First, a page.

Figure 2. Vector integration is inherently mutagenic and (a) can have direct effects on a gene at the site of integration by a variety of mechanisms such as promote insertion, truncation, displacement of 5′ regulatory sequences or 3′ miRNA regulatory sequences or antisense RNA. Also, due to chromatin looping, retroviral enhancers can activate gene expression at a considerable distance (up to 300 kb), whereas in some cases, the products encoded by the vector can play a direct oncogenic role. Proviral clones derived from Moloney murine leukaemia virus (MoMLV) formed the backbone of many retroviral vector systems. (b) The long terminal repeats of this virus carry an additional copy of the enhancer core with its characteristic array of binding sites for Myb, Runx and Ets proteins, a feature that confers significantly accelerated lymphoma onset in vivo (see text).
Figure 3. The preferential integration of retroviral families is influenced significantly by the interaction of the viral integrase (IN) protein with chromatin tether molecules. For HIV, the key interaction is with LEDGF/p75 (lens epithelium‐derived growth factor aka PSIP1), which directs interaction to actively transcribed genes. For MLV, several members of the BET (bromo‐ and extraterminal domain) family provide an analogous role, in this case targeting viral integration to active promoters and enhancer elements. These interactions with tether proteins appear to explain the bias of proviral integration towards genomic regions enriched for distinct histone modifications (HIV at H3K36me3 and MLV at H3K27Ac).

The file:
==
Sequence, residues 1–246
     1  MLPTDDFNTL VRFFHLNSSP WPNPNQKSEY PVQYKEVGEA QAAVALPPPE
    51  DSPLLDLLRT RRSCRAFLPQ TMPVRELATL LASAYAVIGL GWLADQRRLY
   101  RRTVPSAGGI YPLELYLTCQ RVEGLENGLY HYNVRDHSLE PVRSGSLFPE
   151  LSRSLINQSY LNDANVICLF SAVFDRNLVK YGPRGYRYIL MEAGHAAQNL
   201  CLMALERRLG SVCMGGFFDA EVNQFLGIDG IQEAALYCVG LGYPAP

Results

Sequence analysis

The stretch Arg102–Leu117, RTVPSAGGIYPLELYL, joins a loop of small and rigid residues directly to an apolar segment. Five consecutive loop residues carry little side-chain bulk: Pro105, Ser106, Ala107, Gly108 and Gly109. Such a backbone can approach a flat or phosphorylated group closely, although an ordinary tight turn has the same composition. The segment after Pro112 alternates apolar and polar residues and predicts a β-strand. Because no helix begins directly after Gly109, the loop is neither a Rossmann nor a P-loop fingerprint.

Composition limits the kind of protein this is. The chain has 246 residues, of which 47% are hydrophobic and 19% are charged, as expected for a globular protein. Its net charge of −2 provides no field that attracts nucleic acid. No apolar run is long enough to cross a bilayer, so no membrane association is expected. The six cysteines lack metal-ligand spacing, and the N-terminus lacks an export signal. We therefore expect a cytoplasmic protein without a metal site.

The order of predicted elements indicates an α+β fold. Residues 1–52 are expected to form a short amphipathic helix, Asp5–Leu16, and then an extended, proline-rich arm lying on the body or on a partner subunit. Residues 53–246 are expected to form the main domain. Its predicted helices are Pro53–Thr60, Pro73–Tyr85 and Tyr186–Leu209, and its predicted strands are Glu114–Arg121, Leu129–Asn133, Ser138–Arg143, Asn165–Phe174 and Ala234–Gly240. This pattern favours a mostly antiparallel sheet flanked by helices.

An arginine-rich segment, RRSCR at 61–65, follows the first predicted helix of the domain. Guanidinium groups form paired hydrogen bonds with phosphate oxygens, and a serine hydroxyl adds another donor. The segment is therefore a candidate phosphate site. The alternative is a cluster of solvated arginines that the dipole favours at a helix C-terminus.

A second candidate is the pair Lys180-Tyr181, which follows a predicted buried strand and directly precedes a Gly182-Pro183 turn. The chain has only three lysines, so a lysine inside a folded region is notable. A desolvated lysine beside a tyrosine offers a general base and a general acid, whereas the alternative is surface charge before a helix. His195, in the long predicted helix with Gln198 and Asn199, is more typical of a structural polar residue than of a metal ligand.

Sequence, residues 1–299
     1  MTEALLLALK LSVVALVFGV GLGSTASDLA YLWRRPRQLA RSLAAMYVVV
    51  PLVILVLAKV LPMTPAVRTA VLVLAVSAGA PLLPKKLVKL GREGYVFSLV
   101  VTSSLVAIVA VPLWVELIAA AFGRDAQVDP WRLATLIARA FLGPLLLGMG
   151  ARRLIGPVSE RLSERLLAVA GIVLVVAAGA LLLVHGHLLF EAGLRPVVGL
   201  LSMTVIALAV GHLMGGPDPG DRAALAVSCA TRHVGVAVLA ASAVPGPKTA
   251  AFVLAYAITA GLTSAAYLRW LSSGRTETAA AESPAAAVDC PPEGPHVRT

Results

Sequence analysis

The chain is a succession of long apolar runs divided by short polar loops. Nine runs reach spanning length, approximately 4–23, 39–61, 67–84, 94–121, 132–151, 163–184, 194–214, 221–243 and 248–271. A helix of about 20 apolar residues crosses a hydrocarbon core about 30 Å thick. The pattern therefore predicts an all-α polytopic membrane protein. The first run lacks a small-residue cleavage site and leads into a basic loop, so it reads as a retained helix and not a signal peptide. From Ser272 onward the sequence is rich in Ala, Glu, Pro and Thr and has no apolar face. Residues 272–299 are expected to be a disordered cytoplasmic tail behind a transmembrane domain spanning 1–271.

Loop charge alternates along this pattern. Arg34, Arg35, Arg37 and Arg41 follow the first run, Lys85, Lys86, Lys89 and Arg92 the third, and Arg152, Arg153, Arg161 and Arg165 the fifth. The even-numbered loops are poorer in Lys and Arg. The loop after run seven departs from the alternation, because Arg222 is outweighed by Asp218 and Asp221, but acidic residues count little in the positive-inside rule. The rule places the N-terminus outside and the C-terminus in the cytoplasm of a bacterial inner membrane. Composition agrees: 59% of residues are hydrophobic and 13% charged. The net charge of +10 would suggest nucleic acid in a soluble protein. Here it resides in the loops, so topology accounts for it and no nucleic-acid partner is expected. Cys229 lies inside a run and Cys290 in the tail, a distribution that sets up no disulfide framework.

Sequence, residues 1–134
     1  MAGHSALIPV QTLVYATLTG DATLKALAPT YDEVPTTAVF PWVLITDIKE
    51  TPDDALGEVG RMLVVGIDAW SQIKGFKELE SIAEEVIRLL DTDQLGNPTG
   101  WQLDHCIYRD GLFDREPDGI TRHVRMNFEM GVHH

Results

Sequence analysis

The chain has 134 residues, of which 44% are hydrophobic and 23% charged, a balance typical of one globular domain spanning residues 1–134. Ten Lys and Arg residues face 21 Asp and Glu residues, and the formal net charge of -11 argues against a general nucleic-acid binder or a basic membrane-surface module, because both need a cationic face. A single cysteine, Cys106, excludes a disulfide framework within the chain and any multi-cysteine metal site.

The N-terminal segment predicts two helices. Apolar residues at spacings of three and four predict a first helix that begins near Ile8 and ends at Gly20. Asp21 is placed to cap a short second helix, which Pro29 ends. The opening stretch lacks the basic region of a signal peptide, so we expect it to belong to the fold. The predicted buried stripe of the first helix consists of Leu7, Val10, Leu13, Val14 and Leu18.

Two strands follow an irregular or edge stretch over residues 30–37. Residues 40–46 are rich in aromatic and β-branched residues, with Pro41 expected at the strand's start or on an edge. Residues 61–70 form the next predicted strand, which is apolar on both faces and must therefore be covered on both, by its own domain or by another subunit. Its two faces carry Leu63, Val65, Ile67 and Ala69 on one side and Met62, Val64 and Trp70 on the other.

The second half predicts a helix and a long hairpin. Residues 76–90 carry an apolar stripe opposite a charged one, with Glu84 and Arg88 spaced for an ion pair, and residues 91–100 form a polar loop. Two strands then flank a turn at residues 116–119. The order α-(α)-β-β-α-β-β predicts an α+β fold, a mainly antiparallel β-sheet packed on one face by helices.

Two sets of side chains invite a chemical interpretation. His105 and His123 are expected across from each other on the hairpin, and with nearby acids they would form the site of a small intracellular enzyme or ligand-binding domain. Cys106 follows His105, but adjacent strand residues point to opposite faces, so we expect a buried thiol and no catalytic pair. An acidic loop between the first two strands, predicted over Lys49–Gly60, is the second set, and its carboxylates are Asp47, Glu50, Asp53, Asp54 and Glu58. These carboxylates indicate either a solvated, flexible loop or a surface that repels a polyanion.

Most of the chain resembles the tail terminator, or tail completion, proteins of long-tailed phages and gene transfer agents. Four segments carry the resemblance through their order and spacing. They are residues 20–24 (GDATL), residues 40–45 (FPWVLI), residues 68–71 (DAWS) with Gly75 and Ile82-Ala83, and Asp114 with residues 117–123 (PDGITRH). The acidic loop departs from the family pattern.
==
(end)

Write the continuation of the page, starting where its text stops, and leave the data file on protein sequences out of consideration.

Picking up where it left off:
Figure 4. A naturally occurring case of T‐cell lymphoma in a domestic cat infected with feline leukaemia virus, a gamma‐retrovirus closely related to MLV, revealed apparent amplification of the T‐cell receptor β‐chain gene. Further molecular characterisation showed that this was due to the presence of multiple copies of a provirus in which the coding sequence of the Env gene was replaced by the coding sequence of an intact, functionally rearranged TCRβ. The same tumour harboured a second transduction of Myc, a frequent target for activation by insertional mutagenesis or transduction FeLV‐associated lymphomas (Fulton et al., ). Although the specificity of the v‐tcr is unknown, it appears highly likely that it activated TCR pathway signalling in the index tumour.


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Further Reading

Pedersen FS, Bahrami S and Duch M (2014) Retroviruses in human gene therapy. In: Encyclopedia of Life Sciences. Chichester: John Wiley & Sons Ltd.

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Neil, James C(Nov 2017) Safety of Retroviral Vectors in Clinical Applications: Lessons from Retroviral Biology and Pathogenesis. In: eLS. John Wiley & Sons Ltd, Chichester. [doi: 10.1002/9780470015902.a0024847]